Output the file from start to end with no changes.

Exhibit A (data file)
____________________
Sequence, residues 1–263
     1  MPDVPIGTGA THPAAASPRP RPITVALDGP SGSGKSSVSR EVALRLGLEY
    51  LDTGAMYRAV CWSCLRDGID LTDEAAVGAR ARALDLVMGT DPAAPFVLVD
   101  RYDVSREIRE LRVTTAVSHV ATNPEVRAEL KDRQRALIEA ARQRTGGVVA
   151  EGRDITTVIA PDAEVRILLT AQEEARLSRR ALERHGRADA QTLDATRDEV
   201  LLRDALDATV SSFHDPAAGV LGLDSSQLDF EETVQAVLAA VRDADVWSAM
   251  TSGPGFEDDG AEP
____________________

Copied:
Sequence, residues 1–263
     1  MPDVPIGTGA THPAAASPRP RPITVALDGP SGSGKSSVSR EVALRLGLEY
    51  LDTGAMYRAV CWSCLRDGID LTDEAAVGAR ARALDLVMGT DPAAPFVLVD
   101  RYDVSREIRE LRVTTAVSHV ATNPEVRAEL KDRQRALIEA ARQRTGGVVA
   151  EGRDITTVIA PDAEVRILLT AQEEARLSRR ALERHGRADA QTLDATRDEV
   201  LLRDALDATV SSFHDPAAGV LGLDSSQLDF EETVQAVLAA VRDADVWSAM
   251  TSGPGFEDDG AEP